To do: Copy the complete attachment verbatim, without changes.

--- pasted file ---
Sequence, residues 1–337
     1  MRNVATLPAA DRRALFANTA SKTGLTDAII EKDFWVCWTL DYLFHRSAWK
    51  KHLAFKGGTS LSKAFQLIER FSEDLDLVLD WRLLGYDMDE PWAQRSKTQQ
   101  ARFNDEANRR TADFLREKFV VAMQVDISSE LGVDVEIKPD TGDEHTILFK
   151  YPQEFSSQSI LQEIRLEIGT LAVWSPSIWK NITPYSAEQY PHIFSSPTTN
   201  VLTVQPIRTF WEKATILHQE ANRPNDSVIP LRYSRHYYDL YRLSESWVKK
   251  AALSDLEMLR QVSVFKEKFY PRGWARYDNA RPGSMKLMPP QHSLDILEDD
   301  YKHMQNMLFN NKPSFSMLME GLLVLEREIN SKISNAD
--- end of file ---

Sequence, residues 1–337
     1  MRNVATLPAA DRRALFANTA SKTGLTDAII EKDFWVCWTL DYLFHRSAWK
    51  KHLAFKGGTS LSKAFQLIER FSEDLDLVLD WRLLGYDMDE PWAQRSKTQQ
   101  ARFNDEANRR TADFLREKFV VAMQVDISSE LGVDVEIKPD TGDEHTILFK
   151  YPQEFSSQSI LQEIRLEIGT LAVWSPSIWK NITPYSAEQY PHIFSSPTTN
   201  VLTVQPIRTF WEKATILHQE ANRPNDSVIP LRYSRHYYDL YRLSESWVKK
   251  AALSDLEMLR QVSVFKEKFY PRGWARYDNA RPGSMKLMPP QHSLDILEDD
   301  YKHMQNMLFN NKPSFSMLME GLLVLEREIN SKISNAD